Who could have predicted it? The NBA announced Sunday new COVID-19 testing requirements for certain fully vaccinated players, effectively moving the goalposts yet again.
What is the background?
While the NBA does not require COVID-19 vaccination for players, the league has implemented stringent rules for unvaccinated players that go beyond the locker room.
Those rules include:
- No dining with team members or other team personnel
- Have a locker as far away from other team members as possible
- Submit to daily testing when using team facilities
- Submit to laboratory testing on game day
- Maintain 6 feet of social distancing
ESPN additionally reported:
Unvaccinated players are required to remain at their residence during home games and at the team hotel for road contests. The only exceptions are for team and essential activities, such as buying groceries or taking their children to school. They are not allowed to go to any restaurants, bars, clubs, entertainment venues or large indoor gatherings, and can only have in-person interactions with non-family members with a "limited number of close personal guests" who have to be tested beforehand.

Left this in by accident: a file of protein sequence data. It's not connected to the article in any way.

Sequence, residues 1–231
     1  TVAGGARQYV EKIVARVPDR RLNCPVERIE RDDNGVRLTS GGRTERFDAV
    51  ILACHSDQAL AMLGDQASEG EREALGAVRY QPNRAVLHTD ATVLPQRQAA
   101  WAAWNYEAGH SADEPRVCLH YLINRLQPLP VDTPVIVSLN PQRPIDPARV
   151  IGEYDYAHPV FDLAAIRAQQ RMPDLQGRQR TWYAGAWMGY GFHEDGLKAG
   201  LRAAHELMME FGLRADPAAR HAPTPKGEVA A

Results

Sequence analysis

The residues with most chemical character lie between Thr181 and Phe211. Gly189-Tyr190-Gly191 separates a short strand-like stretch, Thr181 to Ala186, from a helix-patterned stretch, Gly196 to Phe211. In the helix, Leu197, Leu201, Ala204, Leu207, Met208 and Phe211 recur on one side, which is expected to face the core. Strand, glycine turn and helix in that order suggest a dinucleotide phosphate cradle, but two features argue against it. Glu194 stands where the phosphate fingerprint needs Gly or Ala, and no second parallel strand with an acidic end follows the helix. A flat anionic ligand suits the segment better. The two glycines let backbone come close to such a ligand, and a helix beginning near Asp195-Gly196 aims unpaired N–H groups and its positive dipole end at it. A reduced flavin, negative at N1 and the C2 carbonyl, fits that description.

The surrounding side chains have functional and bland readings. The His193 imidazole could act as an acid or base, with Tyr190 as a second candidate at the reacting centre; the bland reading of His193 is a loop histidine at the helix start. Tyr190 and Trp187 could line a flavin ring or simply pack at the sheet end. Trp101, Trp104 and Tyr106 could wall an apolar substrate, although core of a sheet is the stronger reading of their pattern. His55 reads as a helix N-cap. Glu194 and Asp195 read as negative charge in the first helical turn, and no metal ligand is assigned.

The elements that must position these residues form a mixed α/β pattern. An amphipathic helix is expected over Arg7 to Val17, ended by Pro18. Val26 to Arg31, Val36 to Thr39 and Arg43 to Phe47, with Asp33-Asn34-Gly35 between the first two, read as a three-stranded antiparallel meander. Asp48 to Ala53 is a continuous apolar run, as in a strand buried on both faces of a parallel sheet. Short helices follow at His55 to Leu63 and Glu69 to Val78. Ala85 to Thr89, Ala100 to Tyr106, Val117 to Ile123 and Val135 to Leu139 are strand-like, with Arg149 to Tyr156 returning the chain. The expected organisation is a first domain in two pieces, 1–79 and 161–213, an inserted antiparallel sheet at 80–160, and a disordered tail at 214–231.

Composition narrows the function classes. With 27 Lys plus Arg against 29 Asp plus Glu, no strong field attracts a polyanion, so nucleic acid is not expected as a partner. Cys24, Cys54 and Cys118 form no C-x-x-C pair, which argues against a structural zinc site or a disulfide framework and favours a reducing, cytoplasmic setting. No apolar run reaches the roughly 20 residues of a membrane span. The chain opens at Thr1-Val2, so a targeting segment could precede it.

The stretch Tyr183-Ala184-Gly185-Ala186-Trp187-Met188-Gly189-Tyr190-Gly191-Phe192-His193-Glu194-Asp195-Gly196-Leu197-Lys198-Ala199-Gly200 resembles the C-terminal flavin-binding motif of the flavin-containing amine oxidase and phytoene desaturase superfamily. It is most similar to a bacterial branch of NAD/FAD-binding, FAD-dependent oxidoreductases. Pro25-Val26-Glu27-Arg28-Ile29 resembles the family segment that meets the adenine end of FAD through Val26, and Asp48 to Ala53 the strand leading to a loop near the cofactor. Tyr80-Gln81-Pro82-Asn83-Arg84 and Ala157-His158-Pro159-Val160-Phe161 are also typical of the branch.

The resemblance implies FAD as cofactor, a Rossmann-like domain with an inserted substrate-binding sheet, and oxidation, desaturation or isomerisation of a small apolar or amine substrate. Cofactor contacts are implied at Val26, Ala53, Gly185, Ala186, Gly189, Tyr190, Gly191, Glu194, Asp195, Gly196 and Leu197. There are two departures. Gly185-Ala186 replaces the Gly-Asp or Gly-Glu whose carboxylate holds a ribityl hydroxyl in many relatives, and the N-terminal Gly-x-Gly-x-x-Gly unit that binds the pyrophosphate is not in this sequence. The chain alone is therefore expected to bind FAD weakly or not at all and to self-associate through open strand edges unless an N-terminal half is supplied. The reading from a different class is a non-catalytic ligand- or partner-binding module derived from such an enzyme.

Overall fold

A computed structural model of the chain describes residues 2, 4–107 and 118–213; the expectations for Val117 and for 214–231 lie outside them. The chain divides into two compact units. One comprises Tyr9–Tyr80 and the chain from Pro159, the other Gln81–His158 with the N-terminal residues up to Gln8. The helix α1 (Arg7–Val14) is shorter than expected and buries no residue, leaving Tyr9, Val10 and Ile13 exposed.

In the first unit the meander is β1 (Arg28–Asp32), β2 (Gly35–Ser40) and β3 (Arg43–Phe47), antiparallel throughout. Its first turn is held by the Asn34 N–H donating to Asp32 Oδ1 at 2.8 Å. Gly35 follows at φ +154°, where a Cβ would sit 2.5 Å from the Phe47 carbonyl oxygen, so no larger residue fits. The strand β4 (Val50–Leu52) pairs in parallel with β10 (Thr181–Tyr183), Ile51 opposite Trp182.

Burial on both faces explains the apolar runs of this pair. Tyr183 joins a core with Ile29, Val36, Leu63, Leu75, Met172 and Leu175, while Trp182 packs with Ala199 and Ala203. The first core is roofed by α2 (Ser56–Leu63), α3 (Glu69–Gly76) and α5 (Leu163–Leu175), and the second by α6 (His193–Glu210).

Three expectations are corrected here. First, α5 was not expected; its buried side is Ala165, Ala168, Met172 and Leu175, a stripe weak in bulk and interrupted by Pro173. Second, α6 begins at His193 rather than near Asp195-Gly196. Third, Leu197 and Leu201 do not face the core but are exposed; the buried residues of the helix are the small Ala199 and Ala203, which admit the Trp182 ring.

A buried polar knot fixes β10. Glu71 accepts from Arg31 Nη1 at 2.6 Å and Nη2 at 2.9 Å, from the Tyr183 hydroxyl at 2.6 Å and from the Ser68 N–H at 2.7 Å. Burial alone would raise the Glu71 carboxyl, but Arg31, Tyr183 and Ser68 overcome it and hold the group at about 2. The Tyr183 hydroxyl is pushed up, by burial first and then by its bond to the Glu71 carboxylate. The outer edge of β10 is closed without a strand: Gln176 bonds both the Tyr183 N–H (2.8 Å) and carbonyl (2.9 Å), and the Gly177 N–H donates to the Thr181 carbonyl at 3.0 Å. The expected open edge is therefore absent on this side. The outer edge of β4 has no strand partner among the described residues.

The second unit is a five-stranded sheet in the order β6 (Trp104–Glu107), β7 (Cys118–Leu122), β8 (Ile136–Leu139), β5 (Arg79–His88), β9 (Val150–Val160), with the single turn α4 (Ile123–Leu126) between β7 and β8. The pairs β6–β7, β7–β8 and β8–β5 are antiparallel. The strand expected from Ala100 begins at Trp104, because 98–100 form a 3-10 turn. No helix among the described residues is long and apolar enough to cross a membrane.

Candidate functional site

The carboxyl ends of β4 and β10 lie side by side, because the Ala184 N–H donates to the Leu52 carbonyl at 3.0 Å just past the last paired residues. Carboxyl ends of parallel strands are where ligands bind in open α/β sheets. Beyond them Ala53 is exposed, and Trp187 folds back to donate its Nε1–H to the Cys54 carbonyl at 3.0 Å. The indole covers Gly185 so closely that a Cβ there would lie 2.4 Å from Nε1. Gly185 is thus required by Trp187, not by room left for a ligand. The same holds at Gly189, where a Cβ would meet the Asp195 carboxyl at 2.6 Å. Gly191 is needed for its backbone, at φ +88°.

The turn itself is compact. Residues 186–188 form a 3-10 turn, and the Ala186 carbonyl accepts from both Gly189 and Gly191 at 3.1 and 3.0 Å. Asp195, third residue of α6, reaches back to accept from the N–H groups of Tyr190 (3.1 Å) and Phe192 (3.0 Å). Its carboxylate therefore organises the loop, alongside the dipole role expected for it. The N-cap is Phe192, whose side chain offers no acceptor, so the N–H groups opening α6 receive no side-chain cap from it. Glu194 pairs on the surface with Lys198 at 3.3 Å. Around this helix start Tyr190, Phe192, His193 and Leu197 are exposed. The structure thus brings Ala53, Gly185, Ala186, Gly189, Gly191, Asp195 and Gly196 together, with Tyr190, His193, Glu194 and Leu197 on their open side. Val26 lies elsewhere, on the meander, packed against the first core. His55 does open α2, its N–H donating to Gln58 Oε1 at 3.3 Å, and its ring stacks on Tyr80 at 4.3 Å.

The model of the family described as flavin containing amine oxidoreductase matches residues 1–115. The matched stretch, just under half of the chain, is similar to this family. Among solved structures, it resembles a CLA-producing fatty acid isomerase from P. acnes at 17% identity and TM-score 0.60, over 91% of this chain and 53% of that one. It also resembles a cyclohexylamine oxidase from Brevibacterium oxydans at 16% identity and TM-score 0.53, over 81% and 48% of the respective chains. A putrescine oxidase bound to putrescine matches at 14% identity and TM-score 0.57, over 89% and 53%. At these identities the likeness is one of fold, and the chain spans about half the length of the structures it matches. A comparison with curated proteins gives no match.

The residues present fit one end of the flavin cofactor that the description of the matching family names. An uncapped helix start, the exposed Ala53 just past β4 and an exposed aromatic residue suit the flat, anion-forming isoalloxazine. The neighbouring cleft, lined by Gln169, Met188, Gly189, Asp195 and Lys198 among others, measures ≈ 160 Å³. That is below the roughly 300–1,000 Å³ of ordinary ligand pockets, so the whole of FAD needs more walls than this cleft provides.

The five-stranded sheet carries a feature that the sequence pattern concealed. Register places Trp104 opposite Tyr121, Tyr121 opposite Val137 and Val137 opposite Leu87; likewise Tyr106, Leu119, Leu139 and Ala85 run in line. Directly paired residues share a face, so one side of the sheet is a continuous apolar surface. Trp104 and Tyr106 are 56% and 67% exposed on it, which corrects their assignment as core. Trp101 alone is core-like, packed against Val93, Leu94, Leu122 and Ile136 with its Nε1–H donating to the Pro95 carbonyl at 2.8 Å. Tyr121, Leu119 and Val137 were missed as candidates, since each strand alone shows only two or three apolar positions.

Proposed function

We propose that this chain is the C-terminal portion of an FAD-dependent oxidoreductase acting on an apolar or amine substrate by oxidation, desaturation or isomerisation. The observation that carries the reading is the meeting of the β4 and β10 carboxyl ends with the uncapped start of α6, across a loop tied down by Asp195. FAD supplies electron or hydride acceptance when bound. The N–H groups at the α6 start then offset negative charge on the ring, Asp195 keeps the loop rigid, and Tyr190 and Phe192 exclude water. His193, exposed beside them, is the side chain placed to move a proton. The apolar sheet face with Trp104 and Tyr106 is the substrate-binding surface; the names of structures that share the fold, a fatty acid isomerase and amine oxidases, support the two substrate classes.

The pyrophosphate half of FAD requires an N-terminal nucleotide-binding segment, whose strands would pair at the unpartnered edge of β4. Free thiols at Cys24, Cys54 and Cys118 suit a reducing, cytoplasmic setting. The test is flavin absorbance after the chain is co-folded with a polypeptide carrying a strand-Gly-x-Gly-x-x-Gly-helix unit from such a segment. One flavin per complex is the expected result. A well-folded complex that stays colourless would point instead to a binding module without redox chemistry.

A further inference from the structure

Meanwhile, vaccinated players are permitted to live normally, with the exception of wearing face masks inside team facilities.
What is happening now?
The NBA is recommending that players, coaches, staff, and referees obtain a COVID-19 booster shot if they were inoculated with the Johnson & Johnson single-shot COVID vaccine.
Although the league billed the development as a recommendation, players who received the J&J vaccine will be subjected to game-day testing if they do not receive a booster shot by Dec. 1.
"NBA informed teams today that all players who received the J&J vaccine at least two months ago will be subject to Game Day testing beginning Dec. 1 if they do not receive the additional booster shot," Shams Charania of the Athletic reported.
While the NBA also recommended that recipients of the Pfizer and Moderna vaccines get a booster shot, the league's justification for implementing testing on booster-less J&J recipients indicates the NBA may extend testing requirements to booster-less Pfizer and Moderna recipients in the coming months.
That is because, per the Associated Press' reporting, the NBA based its booster requirement on data allegedly showing J&J antibody levels decrease two months after inoculation, and after six months for recipients of the Pfizer and Moderna vaccines.
Up to 97% of NBA players are believed to be fully vaccinated, the AP reported.